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Northwest Certified Forestry newsletter article

There was an article in the Spring 2006 issue of Northwest Certified Forestry newsletter which features the Gary Weeks Company and the Weeks Rocker® by NCF Director, Ian Hanna.  We have here reproduced that article with permission.


NCF logo

Spring 2006

Newsletter



Gary Weeks logo

Profiles in Success:


Our second Profiles in Success interview focuses on the direct marketing success of FSC certified furniture maker Gary Weeks, owner of Gary Weeks & Company in Wimberley, Texas. In future columns we’ll look at other successful entrepreneurs both within and outside the Northwest region and get their frank commentary on management, marketing, certification, and other issues.  If you’d like to recommend someone, please let us know.

Gary Weeks in rockerFrom a quaint, classy workshop and showroom in the hill country west of Austin, Gary Weeks and his family ship hand-crafted furniture throughout the U.S. and several foreign countries. Gary and his wife Leslie were early adopters of FSC certification and have done a remarkable job of communicating the authenticity and human scale of their family operation.  We interviewed Gary to learn more about his strategies for a successful business model.  For more insight into the company’s marketing approach and a look at their beautiful furniture, please see www.garyweeks.com.

NCF — What’s the most important aspect of your marketing?

GW — Internet presence.  The website allows us a highly detailed narrative format that’s tailored for relevant search terms.  We have over 100 pages and 300 images and shipping and pricing information are never more than a click away.  No other form of advertising offers that level of detail.

Gary in one of his signature rockers

NCF — Before you were well established, how did you reach new customers?

GW — I focused on two things, getting my work in front of people and turning out a lot of pieces so I could perfect my designs.  I sold a lot of pieces through consignment, typically at or below cost, and I hit the regional trade show circuit.  I think a lot of craftsmen don’t realize how important price points are before you have a reputation established.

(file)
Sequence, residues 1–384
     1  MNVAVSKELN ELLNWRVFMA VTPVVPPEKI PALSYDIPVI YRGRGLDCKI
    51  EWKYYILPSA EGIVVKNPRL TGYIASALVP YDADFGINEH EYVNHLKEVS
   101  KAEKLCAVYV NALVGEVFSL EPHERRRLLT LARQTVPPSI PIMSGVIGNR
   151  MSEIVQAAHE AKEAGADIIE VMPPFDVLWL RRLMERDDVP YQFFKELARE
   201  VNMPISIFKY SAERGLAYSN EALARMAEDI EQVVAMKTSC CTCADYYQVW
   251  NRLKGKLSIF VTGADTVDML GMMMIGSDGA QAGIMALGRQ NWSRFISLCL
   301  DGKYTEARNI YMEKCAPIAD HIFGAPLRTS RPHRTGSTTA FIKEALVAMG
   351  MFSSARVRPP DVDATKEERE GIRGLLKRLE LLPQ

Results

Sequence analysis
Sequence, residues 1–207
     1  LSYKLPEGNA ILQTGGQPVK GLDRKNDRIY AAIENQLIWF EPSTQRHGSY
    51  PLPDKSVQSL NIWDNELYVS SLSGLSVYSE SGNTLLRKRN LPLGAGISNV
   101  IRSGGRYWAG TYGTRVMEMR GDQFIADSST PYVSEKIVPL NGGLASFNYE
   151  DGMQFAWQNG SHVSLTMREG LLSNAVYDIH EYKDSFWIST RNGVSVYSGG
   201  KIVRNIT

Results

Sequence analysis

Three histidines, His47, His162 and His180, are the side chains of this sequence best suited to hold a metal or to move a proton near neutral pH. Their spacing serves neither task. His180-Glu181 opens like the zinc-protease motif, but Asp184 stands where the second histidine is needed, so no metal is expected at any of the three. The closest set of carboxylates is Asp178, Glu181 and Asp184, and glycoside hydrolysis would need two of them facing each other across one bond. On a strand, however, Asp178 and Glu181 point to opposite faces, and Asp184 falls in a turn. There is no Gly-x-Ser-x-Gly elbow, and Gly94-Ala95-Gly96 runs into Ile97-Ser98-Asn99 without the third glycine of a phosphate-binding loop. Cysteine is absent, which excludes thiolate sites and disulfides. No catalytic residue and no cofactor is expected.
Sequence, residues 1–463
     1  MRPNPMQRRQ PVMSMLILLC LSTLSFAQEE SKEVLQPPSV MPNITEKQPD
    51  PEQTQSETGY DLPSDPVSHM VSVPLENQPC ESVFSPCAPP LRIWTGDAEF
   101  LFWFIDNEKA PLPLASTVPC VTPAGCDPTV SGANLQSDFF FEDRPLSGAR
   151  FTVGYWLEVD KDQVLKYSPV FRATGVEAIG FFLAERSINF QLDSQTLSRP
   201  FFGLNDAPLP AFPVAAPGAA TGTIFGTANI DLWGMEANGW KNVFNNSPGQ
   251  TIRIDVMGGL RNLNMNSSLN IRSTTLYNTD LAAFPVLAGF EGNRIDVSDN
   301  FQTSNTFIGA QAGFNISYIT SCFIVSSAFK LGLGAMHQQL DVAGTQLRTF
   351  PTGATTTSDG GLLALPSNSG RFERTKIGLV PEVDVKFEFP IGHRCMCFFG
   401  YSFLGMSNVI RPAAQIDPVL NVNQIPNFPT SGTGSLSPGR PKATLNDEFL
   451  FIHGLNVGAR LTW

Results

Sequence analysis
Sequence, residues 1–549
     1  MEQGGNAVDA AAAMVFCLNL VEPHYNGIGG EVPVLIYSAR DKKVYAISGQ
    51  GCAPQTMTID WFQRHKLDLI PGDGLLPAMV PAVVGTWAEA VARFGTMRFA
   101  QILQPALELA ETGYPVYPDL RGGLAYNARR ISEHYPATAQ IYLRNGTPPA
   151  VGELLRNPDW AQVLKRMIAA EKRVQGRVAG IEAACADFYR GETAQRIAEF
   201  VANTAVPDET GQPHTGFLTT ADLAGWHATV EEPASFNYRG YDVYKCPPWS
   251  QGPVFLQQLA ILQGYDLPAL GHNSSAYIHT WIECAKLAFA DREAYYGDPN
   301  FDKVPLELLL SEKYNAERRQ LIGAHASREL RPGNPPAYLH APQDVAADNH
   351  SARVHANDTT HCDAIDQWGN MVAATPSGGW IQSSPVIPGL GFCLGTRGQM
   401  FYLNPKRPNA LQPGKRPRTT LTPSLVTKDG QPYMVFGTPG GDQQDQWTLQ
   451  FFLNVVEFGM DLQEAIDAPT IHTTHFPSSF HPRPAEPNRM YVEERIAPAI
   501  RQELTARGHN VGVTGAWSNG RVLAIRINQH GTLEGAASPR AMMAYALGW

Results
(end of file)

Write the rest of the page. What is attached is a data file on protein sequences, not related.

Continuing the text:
NCF — What led to your FSC commitment?

GW — I spent the early part of my career as a saw hand and mill worker in Arkansas and East Texas.  All the old timers talked about how timber resources were in decline and I certainly saw that in the woods and at the mill.  I’m also a hunter, fisherman, and hiker, so conservation is very important to me personally.

NCF — Do you think FSC has helped sales and marketing?

GW — Yes, but not as much as other factors.  There’s still not enough awareness.  I think I probably contribute as much to the label by educating people as I benefit from our certification bringing in customers.  I definitely see it as a growth market though.

NCF — If you could give other wood products entrepreneurs one piece of advice, what would it be?

GW — Limit your offering to what your facility is best at.  Tailor and fine tune the facility to the best products and manufacturing processes.  That’s the only way to be efficient.

Gary Weeks signNCF — What opportunities do you see for small scale manufacturers in the coming years?

GW — I think the prospects are excellent for anyone that has good business skills and a creative product, but you need a comprehensive approach.  The business skills are universal, but products should be a combination of your own tastes and values with plenty of input from the marketplace.

NCF — Any parting words of wisdom?

GW — Remember that building the business – the administrative aspects – is every bit as important as building the product.  I’d also add that most small businesses are undercapitalized, and that leads to a lot of unnecessary stress, cash flow problems, and can really keep you from building the efficiency you need to be profitable.




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